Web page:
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Project Coordinated By UMD Alum Wins $350,000 NEH Grant

July 01, 2020 Classics

Krateros Project, coordinated by Dr. Aaron Hershkowitz, wins $350,000 grant

Dr. Aaron Hershkowitz, who received his Classics B.A. from Maryland in 2009 and his Ph.D. from Rutgers in 2018, is the Project Coordinator of the Krateros Project at the Institute for Advanced Study (IAS) in Princeton, New Jersey. The aim of the project is to digitize the IAS collection of 30,000 squeezes, paper pressings of ancient Greek and Roman inscriptions. Since the squeezes were made, some of the inscriptions have been lost or destroyed, making these paper records all the more valuable. In April of this year, the project “squeezed” its way into the heart of the National Endowment for the Humanities, receiving a $350,000 grant to support three further years of work. This will allow Dr. Hershkowitz and his colleagues not only to finish the two-dimensional scanning of the collection that they had begun, but also to create three-dimensional scans of the squeezes. The digitized versions will be made freely available to a worldwide audience of students and scholars. 

 

Dr. Hershkowitz writes: “Our project has been no exception to the impact of the novel coronavirus: the campus of the Institute for Advanced Studies has been closed since March, which has obviously severely restricted the scope of activities that we can carry out. Before the closure, we were working on a collaboration with the Institute of Christian Oriental Research (ICOR) at the Catholic University of America to scan their squeezes of inscriptions found in the southern-most part of the Arabian Peninsula. The Krateros Project has an Instagram page (https://www.instagram.com/thekraterosproject/), and one of our recent posts describes the ICOR collaboration in more detail. Since the closure, we have continued to work on creating metadata for our scans and on getting through the backlog of image editing that we had built up by (fortunately for us!) choosing to focus early project energy on scanning. We are hoping that New Jersey will continue to trend in the right direction, and that we will be able to get at least one project team member back into the Squeeze Library in the coming weeks.”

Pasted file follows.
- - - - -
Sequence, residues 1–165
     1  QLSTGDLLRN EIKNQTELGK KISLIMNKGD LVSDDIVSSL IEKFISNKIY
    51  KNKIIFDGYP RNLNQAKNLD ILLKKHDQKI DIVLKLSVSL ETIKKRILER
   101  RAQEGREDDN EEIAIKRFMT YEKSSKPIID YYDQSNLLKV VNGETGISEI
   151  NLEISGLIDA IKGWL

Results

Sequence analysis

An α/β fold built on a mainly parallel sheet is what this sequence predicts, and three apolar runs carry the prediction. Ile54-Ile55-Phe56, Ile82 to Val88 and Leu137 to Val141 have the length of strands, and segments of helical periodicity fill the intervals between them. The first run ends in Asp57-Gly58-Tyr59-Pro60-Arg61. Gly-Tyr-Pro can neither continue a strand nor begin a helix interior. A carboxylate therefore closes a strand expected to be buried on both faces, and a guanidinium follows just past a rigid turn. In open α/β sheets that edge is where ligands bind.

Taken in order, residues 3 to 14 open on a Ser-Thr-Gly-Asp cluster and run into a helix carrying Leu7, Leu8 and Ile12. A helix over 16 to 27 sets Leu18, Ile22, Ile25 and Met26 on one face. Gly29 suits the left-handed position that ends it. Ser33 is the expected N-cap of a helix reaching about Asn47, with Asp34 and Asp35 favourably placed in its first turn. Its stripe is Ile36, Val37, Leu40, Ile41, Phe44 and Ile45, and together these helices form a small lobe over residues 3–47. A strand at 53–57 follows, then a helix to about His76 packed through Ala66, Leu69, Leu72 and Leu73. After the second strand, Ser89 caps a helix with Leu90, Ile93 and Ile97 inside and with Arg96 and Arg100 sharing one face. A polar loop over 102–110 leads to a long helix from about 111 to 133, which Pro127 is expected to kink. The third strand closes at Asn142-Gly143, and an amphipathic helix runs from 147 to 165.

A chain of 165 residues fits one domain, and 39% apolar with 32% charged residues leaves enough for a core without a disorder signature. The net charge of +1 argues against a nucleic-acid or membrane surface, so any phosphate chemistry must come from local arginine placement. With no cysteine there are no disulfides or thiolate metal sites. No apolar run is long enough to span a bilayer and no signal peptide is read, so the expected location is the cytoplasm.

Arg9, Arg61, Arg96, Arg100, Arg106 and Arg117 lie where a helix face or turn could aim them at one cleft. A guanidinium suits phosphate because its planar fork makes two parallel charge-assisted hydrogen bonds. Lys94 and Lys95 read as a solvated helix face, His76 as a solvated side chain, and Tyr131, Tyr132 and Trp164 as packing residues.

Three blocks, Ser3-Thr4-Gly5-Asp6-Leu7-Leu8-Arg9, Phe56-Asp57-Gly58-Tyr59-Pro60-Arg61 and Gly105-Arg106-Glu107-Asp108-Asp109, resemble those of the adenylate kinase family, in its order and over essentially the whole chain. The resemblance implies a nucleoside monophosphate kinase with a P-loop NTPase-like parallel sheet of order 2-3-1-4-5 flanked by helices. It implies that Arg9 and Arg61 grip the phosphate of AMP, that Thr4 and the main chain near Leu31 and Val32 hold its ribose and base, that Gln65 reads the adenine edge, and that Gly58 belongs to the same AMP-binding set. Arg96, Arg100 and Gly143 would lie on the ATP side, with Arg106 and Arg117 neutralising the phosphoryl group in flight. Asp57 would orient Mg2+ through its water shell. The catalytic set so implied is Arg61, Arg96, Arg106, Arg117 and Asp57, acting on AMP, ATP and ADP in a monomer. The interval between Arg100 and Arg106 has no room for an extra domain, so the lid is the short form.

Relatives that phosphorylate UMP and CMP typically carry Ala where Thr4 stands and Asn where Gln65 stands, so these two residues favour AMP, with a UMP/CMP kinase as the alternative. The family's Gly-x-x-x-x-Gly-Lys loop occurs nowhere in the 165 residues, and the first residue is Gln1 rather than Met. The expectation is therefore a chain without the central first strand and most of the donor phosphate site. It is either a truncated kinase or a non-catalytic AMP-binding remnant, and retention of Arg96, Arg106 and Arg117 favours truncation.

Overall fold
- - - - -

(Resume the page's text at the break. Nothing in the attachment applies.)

Dr. Hershkowitz has also recently joined with Dr. Rachel Starry of UC Riverside and Dr. Natalie Susmann of MIT to form the new planning committee for the "Ancient MakerSpaces" event at the joint annual meetings of the Society for Classical Studies and the Archaeological Institute of America.

 

Squeezes are made by beating wetted filter paper into the cracks of an inscription.  For more details about the process, see the article by Dr. Stephen V. Tracy on the Krateros website at https://www.ias.edu/ideas/2010/tracy-ias-squeeze. The illustration above shows a squeeze taken from the tombstone of a Greek woman named Malthake (ΜΑΛΘΑΚΗ), who is identified as the daughter of her father Magadis.

 

For more information about the Krateros Project, and about squeezes, see Dr. Hershkowitz’s video on YouTube video at https://www.youtube.com/watch?v=zANS5YrHsvE&feature=youtu.be&fbclid=IwAR0JP9-7roEH1ujNDDuxTL83yHw8lwCgbuAzDNWHPsq4v-6QIsVSHx76NpM .